Friday, May 1, 2009
Why Would a Grown Man Call Himself Billy?
When I was a little kid, everyone called me Billy. My birth certificate says William, and I don't have a middle name. I kid that the hospital charged by the letter and my folks figured two names were enough.
By the time I hit junior high, I guess I thought I needed to grow up a bit. There's the urge to be older sooner. I even thought that turning ten made me a teenager, "ten" and "teen" are the same word root. So "Bill" it was for the rest of high school and a few years beyond.
The early 70s brought the writings of Kurt Vonnegut Jr. into my life. I devoured everything he wrote. He had a wonderfully macabre, dark sense of humor, a nice slightly sci-fi twist and was balls-out funny to boot.
It was Slaughterhouse-Five that turned me back into Billy. The lead character, a hapless, schlub of a guy, was Billy Pilgrim. I haven't regretted the name change.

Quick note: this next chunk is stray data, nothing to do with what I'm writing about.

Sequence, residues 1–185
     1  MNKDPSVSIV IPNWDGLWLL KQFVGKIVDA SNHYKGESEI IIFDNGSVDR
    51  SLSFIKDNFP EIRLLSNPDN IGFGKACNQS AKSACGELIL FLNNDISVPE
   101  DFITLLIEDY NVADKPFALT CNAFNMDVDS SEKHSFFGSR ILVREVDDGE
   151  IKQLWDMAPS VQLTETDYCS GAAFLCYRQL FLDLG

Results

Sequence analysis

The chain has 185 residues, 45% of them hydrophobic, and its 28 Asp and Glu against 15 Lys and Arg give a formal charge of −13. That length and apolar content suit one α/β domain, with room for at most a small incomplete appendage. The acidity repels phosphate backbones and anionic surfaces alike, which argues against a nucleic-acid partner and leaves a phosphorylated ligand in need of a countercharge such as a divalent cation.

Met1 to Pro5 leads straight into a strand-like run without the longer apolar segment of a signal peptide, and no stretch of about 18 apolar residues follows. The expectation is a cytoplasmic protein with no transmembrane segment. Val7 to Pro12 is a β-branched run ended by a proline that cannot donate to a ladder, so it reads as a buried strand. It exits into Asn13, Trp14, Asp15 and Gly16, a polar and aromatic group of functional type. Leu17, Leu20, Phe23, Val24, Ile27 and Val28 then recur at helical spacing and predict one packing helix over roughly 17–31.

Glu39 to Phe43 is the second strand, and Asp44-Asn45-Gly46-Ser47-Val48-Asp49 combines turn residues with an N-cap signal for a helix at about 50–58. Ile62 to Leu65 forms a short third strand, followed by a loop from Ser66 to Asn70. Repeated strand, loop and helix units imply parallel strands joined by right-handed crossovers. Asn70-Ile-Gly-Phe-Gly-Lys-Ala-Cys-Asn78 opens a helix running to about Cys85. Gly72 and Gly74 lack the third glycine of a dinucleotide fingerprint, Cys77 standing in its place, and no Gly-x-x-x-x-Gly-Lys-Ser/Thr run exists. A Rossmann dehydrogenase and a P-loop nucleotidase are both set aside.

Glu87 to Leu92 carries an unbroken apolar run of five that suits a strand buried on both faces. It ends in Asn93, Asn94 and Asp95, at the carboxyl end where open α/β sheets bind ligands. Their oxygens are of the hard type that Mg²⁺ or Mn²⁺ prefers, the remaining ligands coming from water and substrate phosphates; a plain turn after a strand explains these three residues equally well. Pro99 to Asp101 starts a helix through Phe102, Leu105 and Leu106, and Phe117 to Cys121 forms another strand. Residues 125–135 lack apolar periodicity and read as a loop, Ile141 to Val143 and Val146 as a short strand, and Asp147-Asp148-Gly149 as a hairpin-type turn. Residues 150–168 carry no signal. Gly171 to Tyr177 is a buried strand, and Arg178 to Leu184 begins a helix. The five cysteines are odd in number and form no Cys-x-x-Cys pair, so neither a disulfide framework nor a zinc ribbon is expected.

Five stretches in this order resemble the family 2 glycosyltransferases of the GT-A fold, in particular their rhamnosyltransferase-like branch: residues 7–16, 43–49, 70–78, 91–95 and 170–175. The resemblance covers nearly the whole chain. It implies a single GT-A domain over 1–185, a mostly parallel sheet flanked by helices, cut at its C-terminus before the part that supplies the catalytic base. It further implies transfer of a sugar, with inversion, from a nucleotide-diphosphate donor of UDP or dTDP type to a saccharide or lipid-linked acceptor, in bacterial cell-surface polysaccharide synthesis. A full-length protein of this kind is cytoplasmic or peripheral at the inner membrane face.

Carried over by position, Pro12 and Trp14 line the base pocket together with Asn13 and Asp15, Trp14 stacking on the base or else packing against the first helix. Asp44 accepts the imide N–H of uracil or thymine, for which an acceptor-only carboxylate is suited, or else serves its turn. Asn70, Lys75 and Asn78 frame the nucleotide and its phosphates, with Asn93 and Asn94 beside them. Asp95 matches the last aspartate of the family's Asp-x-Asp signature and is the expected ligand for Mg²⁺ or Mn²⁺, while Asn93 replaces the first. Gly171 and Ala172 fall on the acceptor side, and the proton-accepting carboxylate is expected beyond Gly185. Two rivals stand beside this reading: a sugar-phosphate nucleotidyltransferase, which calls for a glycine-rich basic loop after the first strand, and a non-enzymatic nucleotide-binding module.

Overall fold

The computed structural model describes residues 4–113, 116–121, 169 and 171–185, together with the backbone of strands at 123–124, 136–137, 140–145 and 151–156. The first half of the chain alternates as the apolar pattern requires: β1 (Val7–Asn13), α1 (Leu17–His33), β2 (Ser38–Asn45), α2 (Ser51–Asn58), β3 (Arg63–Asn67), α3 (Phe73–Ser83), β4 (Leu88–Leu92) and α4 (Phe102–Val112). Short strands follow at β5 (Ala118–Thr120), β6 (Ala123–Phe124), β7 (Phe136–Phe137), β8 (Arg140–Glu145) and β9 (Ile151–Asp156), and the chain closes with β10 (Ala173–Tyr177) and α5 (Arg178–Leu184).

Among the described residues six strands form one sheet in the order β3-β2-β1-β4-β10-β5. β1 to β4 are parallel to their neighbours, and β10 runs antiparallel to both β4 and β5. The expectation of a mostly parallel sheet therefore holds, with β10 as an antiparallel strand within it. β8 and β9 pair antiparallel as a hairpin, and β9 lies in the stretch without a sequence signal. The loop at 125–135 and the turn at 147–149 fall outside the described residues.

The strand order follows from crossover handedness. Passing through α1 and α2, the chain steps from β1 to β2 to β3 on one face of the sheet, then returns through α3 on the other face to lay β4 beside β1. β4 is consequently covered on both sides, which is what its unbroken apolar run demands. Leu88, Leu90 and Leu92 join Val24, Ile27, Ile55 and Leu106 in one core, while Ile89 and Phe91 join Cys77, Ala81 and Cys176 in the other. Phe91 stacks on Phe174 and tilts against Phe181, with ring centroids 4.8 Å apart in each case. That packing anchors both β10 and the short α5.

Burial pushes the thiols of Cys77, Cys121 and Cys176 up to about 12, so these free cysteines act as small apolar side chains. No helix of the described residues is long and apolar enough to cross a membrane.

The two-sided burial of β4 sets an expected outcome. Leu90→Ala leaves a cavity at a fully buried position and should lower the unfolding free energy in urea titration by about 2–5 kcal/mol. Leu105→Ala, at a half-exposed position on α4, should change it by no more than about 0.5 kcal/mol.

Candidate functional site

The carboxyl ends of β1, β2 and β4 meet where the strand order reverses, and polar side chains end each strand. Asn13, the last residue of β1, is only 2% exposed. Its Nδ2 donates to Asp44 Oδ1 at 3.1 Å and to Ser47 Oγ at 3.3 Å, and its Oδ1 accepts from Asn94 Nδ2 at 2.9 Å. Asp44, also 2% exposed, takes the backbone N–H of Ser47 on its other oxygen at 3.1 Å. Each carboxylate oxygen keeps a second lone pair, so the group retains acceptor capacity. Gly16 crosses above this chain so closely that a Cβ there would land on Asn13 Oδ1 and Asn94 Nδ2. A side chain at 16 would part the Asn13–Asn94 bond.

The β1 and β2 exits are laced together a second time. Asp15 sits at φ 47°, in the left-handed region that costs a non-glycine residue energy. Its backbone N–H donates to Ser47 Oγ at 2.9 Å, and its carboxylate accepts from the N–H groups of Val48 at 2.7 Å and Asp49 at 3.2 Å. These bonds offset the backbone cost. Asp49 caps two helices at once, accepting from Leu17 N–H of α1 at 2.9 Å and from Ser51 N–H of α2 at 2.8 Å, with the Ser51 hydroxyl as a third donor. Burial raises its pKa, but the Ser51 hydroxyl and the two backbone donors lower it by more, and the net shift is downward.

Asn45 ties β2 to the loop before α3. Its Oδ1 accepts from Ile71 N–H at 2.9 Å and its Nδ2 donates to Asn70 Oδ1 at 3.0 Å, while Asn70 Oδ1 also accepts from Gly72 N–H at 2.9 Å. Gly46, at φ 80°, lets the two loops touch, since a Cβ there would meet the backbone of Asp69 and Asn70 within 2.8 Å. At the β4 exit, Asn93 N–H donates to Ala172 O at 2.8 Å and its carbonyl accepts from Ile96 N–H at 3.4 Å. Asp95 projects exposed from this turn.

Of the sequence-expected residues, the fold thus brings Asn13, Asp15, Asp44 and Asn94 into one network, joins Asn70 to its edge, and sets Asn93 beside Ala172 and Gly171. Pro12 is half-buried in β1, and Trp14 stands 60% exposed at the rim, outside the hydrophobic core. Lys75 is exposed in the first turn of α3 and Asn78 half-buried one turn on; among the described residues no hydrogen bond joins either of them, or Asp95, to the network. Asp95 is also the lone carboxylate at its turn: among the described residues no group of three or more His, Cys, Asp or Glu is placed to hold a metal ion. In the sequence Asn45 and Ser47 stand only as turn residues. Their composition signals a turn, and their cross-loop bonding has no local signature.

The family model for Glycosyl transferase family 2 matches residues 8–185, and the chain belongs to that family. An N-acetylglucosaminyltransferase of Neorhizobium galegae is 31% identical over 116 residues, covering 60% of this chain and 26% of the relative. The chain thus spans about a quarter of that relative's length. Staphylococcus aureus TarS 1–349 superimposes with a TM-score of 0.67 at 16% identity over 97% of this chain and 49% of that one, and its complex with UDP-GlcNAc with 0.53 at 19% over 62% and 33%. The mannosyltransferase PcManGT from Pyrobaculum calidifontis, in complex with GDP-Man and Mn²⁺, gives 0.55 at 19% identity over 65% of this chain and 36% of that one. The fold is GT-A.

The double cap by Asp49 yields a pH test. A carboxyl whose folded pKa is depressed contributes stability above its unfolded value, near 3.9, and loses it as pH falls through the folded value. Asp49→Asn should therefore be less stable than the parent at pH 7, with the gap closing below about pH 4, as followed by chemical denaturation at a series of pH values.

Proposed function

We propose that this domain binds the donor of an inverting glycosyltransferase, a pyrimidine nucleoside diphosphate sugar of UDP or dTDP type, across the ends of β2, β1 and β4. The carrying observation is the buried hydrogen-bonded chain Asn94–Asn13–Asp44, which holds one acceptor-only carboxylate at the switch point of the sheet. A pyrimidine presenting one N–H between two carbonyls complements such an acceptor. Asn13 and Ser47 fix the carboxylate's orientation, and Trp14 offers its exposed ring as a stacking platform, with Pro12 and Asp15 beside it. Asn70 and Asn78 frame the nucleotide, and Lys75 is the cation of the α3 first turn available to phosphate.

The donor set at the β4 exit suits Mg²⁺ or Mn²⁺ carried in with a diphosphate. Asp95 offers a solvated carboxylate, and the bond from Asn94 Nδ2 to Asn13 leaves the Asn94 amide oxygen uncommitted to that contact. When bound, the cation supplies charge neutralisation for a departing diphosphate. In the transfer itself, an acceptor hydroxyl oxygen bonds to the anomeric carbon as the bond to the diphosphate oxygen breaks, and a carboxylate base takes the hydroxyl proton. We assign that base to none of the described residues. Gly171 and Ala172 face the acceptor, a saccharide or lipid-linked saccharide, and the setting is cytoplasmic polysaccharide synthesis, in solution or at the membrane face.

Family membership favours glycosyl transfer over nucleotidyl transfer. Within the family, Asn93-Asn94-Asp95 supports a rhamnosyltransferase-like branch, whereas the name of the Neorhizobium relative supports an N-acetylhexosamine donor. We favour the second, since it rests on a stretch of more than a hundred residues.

“How come they call you Billy instead of William?”
“Business reasons,” said Billy. That was true. His father-in-law, who owned the Ilium School of Optometry, who had set Billy up in practice, was a genius in his field. He told Billy to encourage people to call him Billy—because it would stick in their memories. It would also make him seem slightly magical, since there weren’t any other grown Billys around. It also compelled people to think of him as a friend right away.